Gut cells might aid in cancer fight

A recent discovery in the behavioral pattern of cells in the intestine helps establish the fact that bowel cancer can be treated.

It was a study done by cancer Research UK scientists who discovered that the intestine cell substitute themselves in a unique manner with regard to all the cells which contrasted the fact that only a handful of stem cells were able to generate different types of stem cells.

Latest research by the lead researcher Dr Doug Winton compared this fact to the game chess. He considered: “Different pieces having different powers from the Queen down to pawns. In contrast, the process identified by the team was more like a game of draughts with equal pieces moving forward and either being successful or not.”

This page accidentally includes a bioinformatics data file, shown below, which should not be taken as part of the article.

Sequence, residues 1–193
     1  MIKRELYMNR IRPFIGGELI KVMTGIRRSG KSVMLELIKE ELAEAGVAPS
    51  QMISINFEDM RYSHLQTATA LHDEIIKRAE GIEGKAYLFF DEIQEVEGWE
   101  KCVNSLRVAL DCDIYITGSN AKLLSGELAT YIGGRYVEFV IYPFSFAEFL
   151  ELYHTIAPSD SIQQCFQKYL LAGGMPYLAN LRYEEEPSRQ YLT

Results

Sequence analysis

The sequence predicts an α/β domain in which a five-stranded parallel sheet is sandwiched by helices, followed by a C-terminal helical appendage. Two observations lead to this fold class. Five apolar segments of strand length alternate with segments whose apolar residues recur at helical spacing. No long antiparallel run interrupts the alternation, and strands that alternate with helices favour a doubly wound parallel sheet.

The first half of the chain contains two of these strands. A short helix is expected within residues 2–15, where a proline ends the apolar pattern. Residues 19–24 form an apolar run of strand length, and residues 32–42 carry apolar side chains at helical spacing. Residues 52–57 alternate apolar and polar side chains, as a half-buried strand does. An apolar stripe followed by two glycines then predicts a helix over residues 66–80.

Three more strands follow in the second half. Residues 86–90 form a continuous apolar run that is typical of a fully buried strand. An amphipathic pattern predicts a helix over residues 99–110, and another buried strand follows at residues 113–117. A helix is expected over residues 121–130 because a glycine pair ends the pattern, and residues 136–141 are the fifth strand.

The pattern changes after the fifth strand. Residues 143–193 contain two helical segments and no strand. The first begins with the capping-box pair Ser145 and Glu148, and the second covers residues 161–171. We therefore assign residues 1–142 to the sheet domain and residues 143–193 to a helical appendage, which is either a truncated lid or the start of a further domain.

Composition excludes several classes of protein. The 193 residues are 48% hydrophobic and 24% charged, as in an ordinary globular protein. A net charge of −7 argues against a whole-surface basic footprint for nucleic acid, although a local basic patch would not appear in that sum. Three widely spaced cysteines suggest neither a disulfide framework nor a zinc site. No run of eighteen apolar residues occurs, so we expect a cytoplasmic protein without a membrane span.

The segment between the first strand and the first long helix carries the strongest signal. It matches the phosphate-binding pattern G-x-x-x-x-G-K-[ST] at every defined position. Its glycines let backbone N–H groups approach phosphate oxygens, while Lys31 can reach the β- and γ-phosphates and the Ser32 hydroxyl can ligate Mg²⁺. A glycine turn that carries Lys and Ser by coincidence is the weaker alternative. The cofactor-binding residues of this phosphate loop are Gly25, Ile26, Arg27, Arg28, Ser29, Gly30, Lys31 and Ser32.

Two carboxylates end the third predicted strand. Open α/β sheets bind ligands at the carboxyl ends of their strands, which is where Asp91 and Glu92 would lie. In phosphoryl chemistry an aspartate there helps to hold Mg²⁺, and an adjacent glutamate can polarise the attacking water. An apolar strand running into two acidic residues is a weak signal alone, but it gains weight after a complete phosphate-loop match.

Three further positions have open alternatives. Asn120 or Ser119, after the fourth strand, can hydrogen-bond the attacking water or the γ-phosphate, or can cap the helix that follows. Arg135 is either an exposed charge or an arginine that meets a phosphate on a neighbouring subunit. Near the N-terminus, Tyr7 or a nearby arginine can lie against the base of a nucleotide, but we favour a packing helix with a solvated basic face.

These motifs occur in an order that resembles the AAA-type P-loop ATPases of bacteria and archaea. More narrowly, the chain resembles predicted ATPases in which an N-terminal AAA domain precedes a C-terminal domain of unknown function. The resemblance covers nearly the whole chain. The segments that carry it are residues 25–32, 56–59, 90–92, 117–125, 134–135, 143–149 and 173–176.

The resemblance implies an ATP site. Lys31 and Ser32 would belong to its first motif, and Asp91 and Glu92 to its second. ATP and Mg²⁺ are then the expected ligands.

The team marked various cells and did a thorough analysis of how the cells changed and what happened when they defined themselves into clones.

The researchers claimed that when the stem cells fades away, the neighboring cells multiples to fill the gaps, which indicates the fact that each cells has an equal chance of generating other cells in the gut.

The findings have been brought out via making use of statistical physics and population dynamics, offering a peek into the elasticity of the intestinal wall and at the same time study about the cellular behavior and cancer.

Dr Winton, from Cancer Research UK's Cambridge Research Institute, explained that the study is a great example of collaborative research which has been compiled via various biologists and physicists to answer the fact how cells part and these study will help determine more about stem cells and their links to cancer.